People are sharing Hillary Clinton’s historic nomination with their grandmas
On Tuesday night, Hillary Clinton became the first woman nominated for president by a major political party. The nomination was a historic victory for women all over the country, and no one understands that better than women who were born during a time when they weren’t even allowed to vote. That’s why hundreds of people on social media posted that they shared the nomination with some special people who truly understand the significance: their grandmothers.
On Twitter, dozens of people started sharing photos of their grandmothers — both living and deceased — along with sweet messages about what this moment in our history means to them. The 19th amendment, which gave women the vote, was ratified in August of 1920. That might sound like a long time ago, but keep in mind it’s only been about 96 years.
In those 96 years, we’ve had female mayors and governors, female supreme court justices, female senators and representatives, but never have we had the honor of voting for a woman to represent us in the White House. It’s an honor so many grandmothers and grandchildren are excited to share.
Some of them shared it on Facetime.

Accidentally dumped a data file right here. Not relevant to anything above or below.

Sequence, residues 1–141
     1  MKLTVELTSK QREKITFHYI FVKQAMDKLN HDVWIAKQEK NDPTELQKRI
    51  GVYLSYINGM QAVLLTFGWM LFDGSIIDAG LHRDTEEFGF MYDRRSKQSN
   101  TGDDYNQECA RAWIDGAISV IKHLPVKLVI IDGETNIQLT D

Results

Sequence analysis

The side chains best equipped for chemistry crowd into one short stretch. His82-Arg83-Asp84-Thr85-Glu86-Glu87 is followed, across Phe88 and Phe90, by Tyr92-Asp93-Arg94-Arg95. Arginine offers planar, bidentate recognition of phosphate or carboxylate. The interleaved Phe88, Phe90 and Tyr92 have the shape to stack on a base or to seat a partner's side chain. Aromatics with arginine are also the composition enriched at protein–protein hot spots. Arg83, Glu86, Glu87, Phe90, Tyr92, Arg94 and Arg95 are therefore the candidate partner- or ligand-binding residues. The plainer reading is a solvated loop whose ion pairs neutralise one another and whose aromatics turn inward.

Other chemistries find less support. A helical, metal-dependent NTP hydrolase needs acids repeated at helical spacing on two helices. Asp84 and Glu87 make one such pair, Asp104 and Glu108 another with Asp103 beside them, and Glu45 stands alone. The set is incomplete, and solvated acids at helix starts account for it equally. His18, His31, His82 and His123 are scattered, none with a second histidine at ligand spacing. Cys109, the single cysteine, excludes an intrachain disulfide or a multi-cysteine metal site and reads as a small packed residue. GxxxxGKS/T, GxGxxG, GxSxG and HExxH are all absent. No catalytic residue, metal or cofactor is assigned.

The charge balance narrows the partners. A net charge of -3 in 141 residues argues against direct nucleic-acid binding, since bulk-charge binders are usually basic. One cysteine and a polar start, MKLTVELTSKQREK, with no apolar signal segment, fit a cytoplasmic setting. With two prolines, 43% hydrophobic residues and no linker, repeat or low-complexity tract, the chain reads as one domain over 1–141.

Others shared it in real time, either by watching or attending the Democratic National Convention.
Some were celebrating for grandmothers and mothers who didn’t get a chance to see history made, but would have loved the hell out of it.
And others are already making their big plans for election day.
One thing they all have in common is that they understand the significance of this moment, this nomination. It’s not just about Hillary Clinton or this election. It’s about the thousands of women who fought for our right to vote, who weathered decades without female representation, who understand that the fact that a woman made it this far is huge and an achievement we can never, ever take for granted.
Many people in this country have strong feelings about Hillary Clinton and her politics. But, these photos and messages are a powerful reminder to take at least a few moments to put personal politics aside and acknowledge what this nomination means for women and girls all over the country. So many of us, young and old, have never seen a woman in this position. I’m proud to see it, I’m proud for my grandmothers, mother, and daughter to see it. And, I’m proud for the many women we’ll see enter the race in years to come, because now they know they really can become president.
This article was originally published on